California to nearly double wind energy, solar power by 2020

California is set to nearly double its wind and solar power generation over the next seven years as utility companies try to meet the state’s requirement to source 33 percent of energy from renewables by 2020, reliability regulators said.

The state is expected to add 8,000 megawatts of renewable energy by 2020 and needs to build or keep in service gas-fired power plants to cover changes in wind and solar availability, the North American Electric Reliability Corp (NERC) said in an assessment released on Wednesday.

NERC, the power reliability coordinator for the United States, Canada and parts of Mexico, worked with the California Independent System Operator (ISO), the state grid operator, to determine what the ISO is doing to integrate the new renewable plants and recommend steps to keep the system reliable.

As variable resources become a larger part of a system’s resource mix – on the order of 20-30 percent – NERC said reliability services, such as frequency response, voltage control, transient stability, load-following and ramping capability can be impacted.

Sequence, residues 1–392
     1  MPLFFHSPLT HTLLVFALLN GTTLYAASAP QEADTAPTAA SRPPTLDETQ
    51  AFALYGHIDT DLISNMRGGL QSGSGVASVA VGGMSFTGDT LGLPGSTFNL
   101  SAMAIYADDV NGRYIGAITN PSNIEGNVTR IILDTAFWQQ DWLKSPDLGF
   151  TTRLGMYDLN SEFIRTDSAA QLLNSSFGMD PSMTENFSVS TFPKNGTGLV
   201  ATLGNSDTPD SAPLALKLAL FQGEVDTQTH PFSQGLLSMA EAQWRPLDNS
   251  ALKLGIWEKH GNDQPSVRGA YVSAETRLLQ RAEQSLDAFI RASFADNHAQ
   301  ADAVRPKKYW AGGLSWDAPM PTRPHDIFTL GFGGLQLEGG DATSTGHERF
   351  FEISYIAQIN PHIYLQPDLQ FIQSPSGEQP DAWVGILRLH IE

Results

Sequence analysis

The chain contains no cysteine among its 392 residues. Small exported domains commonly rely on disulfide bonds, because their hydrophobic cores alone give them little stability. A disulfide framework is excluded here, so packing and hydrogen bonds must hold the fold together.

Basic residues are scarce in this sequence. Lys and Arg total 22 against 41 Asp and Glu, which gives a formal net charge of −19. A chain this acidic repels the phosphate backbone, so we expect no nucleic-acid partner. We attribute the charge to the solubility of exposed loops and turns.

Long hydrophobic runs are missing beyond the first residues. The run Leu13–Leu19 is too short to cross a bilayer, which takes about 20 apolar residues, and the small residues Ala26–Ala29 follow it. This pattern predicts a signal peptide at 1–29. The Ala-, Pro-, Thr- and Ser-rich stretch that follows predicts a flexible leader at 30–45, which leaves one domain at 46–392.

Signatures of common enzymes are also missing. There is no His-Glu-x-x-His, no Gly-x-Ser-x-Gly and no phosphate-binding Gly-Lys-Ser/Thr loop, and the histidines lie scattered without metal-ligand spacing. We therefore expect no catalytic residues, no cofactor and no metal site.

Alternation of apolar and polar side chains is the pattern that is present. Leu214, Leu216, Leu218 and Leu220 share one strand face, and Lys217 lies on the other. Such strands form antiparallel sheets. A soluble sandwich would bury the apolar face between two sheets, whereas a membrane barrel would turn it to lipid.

There are currently 10,700 MW of wind and solar power connected to the California ISO grid, which is expected to rise to 18,700 MW in 2020, according to the report.

One megawatt powers about 1,000 homes.

Fossil-fueled, large-scale hydro and nuclear power plants have traditionally provided electricity supply to the grid.

Unlike traditional power plants, which grid operators can run for as long as needed to meet demand, wind and solar facilities are generally only available when the wind is blowing or the sun is shining.

One of NERC’s recommendations was for generators in California to build or keep in service flexible power plants like gas-fired units that can quickly ramp up and down in response to changes in renewable power output.

“Renewable generation provides a great basis for greening the grid and reducing the electric industry’s greenhouse gas footprint,” California ISO President and CEO Steve Berberich said in the statement.

“Their intermittency can be supported by a clean and flexible gas generation fleet, which California is currently transitioning to.” he said.

Over the next decade or so, generating companies expect to build about 6,400 MW of new gas-fired generation in California, according to a Reuters survey.

The biggest power companies participating in the California electric market include units of Edison International, PG&E Corp, Sempra Energy, NRG Energy Inc , Dynegy Inc and AES Corp.